WRITING TRAINING BOOKLETS FOR YOUR TRAINEES
Copyright © 2003 by Galen Currah and
I urged you upon my departure for
Sooner than later in a mentoring relationship with novice leaders of new churches, you will find that certain opportunities and challenges come up more frequently. If you have a menu-driven program like “Train & Multiply”®, then you may already have training booklets on those subjects. But not always. And your folk’s culture or religious background may require something new or better. So, you should not hesitate to write new training materials.
The Apostle Paul’s “epistles” to Timothy and Titus were training materials. Fortunately, they were so helpful (and inspired) that they have been preserved and continue to be read and followed around the globe to this day. A careful look at how Paul wrote 1 Timothy can provide some guidelines for writing your own materials, making adjustments to the form to fit your culture. Here are some for your consideration.
1. Keep materials short, so that less experienced readers can work through them before your next meeting.
It is no accident that the “pastoral epistles” are short. Paul may have written scores or hundreds of such letters, which alone would require they be short. More importantly, less-educated, novice, church leaders often cannot read fast, and they often cannot absorb a lot of theory. Better to err on the side of brevity than of that of boredom.
2. Write to a specific person and keep them in mind while writing.
Timothy and Titus may have had a lot of issues in common but maybe not at the same time. Their questions were hot issues for them, and Paul dealt with each one’s concerns. When you write new materials, write them first for one person and personalize them. Later, when you want to use the same materials with others, you can remove personal references and make each booklet more generally applicable without loosing the practical, urgent advice you gave earlier.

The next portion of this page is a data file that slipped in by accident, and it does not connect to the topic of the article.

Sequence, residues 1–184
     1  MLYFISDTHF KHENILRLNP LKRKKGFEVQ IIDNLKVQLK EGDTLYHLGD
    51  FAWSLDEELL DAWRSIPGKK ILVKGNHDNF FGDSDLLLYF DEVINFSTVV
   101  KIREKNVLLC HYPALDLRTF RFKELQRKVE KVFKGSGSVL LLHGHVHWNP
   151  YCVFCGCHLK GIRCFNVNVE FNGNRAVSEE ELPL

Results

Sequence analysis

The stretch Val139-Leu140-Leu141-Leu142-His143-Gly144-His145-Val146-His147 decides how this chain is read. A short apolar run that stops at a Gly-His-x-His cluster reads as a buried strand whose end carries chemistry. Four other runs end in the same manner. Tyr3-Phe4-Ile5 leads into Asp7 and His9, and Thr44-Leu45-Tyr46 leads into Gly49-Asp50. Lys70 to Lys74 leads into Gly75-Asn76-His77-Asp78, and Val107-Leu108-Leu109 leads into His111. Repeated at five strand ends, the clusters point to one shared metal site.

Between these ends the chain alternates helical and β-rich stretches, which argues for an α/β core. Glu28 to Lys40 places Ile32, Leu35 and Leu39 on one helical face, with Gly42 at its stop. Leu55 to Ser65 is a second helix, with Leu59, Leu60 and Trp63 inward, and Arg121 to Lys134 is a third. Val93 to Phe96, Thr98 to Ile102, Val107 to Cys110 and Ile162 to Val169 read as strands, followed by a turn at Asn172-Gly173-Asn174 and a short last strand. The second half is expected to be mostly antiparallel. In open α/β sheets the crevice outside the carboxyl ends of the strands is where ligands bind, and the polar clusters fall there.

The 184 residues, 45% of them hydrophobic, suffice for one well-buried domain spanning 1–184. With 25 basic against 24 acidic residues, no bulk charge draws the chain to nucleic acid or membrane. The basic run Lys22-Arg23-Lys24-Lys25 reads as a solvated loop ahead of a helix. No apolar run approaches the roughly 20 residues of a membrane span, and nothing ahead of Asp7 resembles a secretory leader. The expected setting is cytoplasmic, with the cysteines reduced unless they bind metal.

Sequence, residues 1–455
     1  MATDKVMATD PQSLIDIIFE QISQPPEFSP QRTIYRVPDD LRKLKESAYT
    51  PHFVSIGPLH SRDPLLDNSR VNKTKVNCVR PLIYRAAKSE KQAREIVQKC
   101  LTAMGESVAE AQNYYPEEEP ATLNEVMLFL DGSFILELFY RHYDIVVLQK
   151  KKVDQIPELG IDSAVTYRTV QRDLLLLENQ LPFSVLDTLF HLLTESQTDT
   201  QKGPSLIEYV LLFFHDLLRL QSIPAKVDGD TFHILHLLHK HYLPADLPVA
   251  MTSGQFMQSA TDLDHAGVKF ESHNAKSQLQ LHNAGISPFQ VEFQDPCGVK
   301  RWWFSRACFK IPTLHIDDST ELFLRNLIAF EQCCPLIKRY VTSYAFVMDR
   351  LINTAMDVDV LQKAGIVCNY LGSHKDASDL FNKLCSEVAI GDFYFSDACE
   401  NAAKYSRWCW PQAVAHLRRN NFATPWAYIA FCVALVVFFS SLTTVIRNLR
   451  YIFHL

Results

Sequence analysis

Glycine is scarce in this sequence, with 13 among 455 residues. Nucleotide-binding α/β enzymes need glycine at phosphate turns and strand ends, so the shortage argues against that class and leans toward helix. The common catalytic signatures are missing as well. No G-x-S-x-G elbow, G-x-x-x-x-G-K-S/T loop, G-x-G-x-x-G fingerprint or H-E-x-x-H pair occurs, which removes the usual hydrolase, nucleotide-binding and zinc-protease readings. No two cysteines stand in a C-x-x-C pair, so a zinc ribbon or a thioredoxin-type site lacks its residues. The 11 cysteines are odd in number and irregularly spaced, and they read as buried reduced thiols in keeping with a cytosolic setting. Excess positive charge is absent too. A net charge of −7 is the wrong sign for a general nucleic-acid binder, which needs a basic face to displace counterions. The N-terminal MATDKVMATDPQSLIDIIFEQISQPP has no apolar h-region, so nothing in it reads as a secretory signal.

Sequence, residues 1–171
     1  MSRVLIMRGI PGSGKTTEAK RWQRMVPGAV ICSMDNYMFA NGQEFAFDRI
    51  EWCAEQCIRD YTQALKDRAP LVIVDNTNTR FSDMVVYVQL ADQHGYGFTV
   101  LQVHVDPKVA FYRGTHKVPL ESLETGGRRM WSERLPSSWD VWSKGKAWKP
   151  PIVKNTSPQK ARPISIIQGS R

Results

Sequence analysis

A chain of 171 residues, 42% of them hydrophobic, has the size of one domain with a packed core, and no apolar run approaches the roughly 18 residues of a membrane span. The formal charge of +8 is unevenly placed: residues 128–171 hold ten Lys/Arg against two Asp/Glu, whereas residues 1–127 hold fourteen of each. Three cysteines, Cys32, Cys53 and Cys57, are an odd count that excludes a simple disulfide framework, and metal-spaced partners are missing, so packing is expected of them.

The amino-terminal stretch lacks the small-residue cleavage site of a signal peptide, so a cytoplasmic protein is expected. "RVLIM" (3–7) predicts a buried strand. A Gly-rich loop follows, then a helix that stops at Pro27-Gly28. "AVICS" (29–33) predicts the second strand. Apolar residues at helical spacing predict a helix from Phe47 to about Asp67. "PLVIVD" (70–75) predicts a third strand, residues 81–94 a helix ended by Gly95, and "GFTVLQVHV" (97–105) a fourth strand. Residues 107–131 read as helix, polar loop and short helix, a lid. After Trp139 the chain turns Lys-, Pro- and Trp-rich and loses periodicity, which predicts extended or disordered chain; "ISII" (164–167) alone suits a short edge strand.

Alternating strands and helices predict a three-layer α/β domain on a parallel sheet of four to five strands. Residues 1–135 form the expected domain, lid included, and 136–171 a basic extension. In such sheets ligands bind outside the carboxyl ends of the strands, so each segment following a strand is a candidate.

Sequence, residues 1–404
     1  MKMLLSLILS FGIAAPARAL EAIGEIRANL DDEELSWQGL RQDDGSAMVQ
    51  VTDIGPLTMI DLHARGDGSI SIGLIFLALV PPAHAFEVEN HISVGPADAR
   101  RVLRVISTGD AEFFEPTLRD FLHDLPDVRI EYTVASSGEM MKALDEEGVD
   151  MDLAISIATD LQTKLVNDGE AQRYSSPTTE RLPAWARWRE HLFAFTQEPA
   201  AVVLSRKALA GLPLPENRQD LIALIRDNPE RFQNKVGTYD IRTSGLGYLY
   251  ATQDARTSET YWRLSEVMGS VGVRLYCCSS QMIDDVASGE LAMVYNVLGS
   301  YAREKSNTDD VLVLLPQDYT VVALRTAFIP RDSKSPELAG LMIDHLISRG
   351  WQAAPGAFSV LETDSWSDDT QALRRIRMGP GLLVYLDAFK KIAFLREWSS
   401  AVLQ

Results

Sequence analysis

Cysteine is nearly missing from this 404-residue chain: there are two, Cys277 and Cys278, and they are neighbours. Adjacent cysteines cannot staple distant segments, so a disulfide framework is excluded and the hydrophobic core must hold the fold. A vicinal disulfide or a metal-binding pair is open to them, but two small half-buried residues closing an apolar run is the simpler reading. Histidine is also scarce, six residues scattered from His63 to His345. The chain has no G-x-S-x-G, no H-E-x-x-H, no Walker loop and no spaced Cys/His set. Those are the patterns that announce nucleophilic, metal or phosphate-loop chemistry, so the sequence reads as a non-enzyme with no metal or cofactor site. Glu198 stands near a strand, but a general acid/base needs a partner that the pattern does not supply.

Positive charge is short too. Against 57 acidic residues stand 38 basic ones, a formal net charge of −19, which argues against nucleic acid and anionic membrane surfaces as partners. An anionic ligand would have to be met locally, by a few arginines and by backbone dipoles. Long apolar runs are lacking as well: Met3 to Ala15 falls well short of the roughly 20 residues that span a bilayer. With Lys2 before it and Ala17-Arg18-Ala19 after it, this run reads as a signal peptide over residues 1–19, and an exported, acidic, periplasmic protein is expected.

Whenever we educated, theologically-informed types try to write about a subject with no local application, the result proves theoretical, dry, pedantic and irrelevant, even if biblically true. But materials that come off the anvil of real churches can more easily provide helpful, timely truth and advice.
3. Deal with real, current needs of real churches.
Paul had correspondence with
Timothy and Titus who informed him of their churches’ current opportunities
and challenges. When they had questions they could not answer, they would
meet with Paul at an arranged location or send to him brief messages carried
by travelers going between major centers of the
When you and I try to write handbooks and practical theologies for churches about which we know nothing, the result is seldom helpful to anyone. Without real questions, our writings only deal with our own speculations or some seminary professor’s ideal ecclesiology. Worse is our trying to write materials for anther culture group based on experiences from the sterile, stagnant churches of our home regions.
4. Tie every main point to a truth or doctrine about God or Christ.
There is as much pure theology in 1 Timothy as in most other books of the New Testament. To out knowledge, neither the Lord nor any of the prophets and apostles ever attempted to write a book of systematic theology. Paul apparently thought theologically about practical issues. He then salted his pastoral advice with sound doctrine.
Some doctrines taught in 1 Timothy include:
· the King eternal, immortal, invisible, the only God;
· God our Savior, who desires all men to be saved and to come to the knowledge of the truth;
· there is one God, and one mediator also between God and men, the man Christ Jesus who gave Himself as a ransom for all, the testimony given at the proper time;
· God has created foods to be gratefully shared in by those who believe and know the truth;
· the appearing of our Lord Jesus Christ, which He will bring about at the proper time.